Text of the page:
Is Canada a dangerous bastion of socialism? According to Trump, maybe: Don Pittis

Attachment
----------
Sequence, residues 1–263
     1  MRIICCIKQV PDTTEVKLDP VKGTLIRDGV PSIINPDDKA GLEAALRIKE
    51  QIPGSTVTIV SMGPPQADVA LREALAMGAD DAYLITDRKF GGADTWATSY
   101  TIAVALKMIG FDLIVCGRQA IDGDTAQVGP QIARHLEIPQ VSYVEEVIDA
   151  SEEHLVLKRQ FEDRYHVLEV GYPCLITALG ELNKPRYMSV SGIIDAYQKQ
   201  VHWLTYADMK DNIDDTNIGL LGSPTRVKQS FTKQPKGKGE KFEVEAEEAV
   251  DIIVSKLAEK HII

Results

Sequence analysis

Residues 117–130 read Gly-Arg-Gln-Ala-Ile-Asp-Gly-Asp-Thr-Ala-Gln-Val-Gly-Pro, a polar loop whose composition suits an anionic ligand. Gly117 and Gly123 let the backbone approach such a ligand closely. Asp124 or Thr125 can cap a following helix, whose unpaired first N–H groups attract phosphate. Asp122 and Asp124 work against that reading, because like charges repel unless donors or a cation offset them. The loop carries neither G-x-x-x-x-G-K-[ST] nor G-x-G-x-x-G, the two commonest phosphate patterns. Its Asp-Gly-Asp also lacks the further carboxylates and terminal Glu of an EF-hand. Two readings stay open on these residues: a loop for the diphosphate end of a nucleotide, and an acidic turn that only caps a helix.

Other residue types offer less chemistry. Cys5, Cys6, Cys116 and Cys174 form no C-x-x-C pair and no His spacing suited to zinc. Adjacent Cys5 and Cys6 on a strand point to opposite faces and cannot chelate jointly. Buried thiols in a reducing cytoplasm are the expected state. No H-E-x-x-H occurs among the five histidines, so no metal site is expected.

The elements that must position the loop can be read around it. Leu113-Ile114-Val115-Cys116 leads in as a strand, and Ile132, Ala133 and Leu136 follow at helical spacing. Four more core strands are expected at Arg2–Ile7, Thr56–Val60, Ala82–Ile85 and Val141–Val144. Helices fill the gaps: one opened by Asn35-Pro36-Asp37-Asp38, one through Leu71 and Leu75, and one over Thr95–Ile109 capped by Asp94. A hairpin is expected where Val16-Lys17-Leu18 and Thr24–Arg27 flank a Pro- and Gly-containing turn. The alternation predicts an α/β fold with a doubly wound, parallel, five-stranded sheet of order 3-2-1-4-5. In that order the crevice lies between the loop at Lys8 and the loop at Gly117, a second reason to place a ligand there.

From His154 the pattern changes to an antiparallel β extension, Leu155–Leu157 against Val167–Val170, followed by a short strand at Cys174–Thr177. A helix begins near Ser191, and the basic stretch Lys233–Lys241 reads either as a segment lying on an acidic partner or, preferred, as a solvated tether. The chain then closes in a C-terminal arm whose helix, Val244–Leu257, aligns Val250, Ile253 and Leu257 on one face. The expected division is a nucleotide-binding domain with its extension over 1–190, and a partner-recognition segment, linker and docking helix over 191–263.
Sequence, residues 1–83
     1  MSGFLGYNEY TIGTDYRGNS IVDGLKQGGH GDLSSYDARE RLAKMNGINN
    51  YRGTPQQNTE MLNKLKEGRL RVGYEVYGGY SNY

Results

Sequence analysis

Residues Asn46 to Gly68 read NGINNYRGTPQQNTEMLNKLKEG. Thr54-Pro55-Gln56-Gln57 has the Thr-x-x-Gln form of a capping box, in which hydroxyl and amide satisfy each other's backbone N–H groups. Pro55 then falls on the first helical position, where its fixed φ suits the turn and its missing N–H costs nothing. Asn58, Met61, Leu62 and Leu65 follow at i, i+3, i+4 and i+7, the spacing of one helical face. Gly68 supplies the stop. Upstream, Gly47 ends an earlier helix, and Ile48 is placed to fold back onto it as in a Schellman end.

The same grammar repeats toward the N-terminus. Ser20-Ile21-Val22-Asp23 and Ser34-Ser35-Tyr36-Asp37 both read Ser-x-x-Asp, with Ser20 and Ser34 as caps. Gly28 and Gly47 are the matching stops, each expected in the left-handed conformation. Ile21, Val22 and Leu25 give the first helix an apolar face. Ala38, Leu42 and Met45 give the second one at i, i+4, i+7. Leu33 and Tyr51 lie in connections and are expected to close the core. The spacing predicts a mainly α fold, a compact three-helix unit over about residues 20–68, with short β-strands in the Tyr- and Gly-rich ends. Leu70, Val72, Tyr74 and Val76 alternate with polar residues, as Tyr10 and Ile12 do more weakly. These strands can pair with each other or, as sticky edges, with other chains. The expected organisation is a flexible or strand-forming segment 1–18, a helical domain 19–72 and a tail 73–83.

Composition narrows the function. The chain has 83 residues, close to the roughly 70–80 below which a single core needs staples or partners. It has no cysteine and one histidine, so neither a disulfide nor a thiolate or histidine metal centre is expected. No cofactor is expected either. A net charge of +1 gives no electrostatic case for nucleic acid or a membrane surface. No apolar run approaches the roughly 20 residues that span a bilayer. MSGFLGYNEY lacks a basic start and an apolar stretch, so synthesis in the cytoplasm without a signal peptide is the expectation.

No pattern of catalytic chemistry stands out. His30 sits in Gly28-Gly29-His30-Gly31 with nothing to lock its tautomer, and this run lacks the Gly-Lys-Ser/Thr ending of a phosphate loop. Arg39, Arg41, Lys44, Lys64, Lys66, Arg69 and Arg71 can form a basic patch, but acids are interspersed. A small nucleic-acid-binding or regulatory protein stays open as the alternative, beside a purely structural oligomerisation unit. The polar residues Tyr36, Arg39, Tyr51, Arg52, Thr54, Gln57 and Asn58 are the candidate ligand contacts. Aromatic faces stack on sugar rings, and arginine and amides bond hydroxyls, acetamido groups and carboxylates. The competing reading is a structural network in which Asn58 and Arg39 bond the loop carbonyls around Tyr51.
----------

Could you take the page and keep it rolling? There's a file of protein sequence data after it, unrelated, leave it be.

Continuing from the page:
So what exactly is socialism, anyway, and why is U.S. President Donald Trump so alarmed about it?In what some are calling the start of a new Red Scare of the kind that divided U.S. politics and economics in the previous century, the president used last week's state of the union address to stoke partisan anxiety. "Here in the United States, we are alarmed by the new calls to adopt socialism in our country," Trump declared in his speech to Congress. "America was founded on liberty and independence — and not government coercion, domination and control."As he spoke, network cameras panned to self-declared supporter of socialism Sen. Bernie Sanders and, by U.S. standards, the left-leaning Rep. Alexandria Ocasio-Cortez.'Socialist' like Canada?  But, of course, to most Canadians — and to most of the world's other liberal democracies — the socialism of Sanders and Ocasio-Cortez that advocates things like universal health care and moderating the extremes of U.S. wealth and poverty does not seem very alarming. To most Canadians, raised in what has been called a mixed economy for its combination of the public and private sector, that kind of socialism holds little terror.Left-leaning member of Congress Alexandria Ocasio-Cortez looks down at a button with a picture of a child, as Trump talks about immigration during his state of the union address. (Jonathan Ernst/Reuters)The discussion of who owns the means of production is one of the places where politics and economics come together in the subject area known as political economy.When I studied economics decades ago, most of the courses analyzed the pure mechanics of capitalism. Political economy only raised its head in a final-year course on the history of economic thought, which came as a revelation, and in which anyone who did not follow mainstream capitalist thinking was described scathingly as "heterodox." That included socialism.Socialism defined In a short telephone call, Laura Macdonald, a Carleton University professor and former director of the school's Institute of Political Economy, offered the following:"Socialism is a broad ideology that has different variants, but in general is associated with greater faith in the role of the state versus the market, and a skepticism about the capacity of the market, on its own, to deliver both growth and social equity."As a term, she said, socialism is contextual, which means to say it depends on how you use it.A sculpture of Karl Marx, author of The Communist Manifesto, in Chemnitz, Germany. (Hannibal Hanschke/Reuters) "I don't think Donald Trump would call us socialist, but probably he thinks we're dangerously close to that and that may be one of the reasons he doesn't like Canada very much," Macdonald said.Stella Gaon, a theorist at ...Read more

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